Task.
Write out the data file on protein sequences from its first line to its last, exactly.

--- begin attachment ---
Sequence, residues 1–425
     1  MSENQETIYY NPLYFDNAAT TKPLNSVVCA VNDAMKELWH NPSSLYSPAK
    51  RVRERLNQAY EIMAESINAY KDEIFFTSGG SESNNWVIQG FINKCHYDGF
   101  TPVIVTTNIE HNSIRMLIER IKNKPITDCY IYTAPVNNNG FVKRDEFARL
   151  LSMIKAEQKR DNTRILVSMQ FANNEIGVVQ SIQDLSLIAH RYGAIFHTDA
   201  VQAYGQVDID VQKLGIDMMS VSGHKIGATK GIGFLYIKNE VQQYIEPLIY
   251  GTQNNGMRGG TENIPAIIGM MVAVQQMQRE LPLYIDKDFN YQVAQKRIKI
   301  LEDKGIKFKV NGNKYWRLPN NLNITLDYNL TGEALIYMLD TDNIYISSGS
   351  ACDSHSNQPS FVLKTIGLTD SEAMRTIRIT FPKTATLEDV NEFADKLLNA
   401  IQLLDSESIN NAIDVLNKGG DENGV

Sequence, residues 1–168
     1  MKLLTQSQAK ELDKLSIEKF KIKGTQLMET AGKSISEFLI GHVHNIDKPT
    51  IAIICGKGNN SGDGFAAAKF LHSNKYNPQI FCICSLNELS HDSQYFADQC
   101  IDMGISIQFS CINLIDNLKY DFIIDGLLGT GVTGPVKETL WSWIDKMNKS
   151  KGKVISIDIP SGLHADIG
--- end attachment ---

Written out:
Sequence, residues 1–425
     1  MSENQETIYY NPLYFDNAAT TKPLNSVVCA VNDAMKELWH NPSSLYSPAK
    51  RVRERLNQAY EIMAESINAY KDEIFFTSGG SESNNWVIQG FINKCHYDGF
   101  TPVIVTTNIE HNSIRMLIER IKNKPITDCY IYTAPVNNNG FVKRDEFARL
   151  LSMIKAEQKR DNTRILVSMQ FANNEIGVVQ SIQDLSLIAH RYGAIFHTDA
   201  VQAYGQVDID VQKLGIDMMS VSGHKIGATK GIGFLYIKNE VQQYIEPLIY
   251  GTQNNGMRGG TENIPAIIGM MVAVQQMQRE LPLYIDKDFN YQVAQKRIKI
   301  LEDKGIKFKV NGNKYWRLPN NLNITLDYNL TGEALIYMLD TDNIYISSGS
   351  ACDSHSNQPS FVLKTIGLTD SEAMRTIRIT FPKTATLEDV NEFADKLLNA
   401  IQLLDSESIN NAIDVLNKGG DENGV

Sequence, residues 1–168
     1  MKLLTQSQAK ELDKLSIEKF KIKGTQLMET AGKSISEFLI GHVHNIDKPT
    51  IAIICGKGNN SGDGFAAAKF LHSNKYNPQI FCICSLNELS HDSQYFADQC
   101  IDMGISIQFS CINLIDNLKY DFIIDGLLGT GVTGPVKETL WSWIDKMNKS
   151  KGKVISIDIP SGLHADIG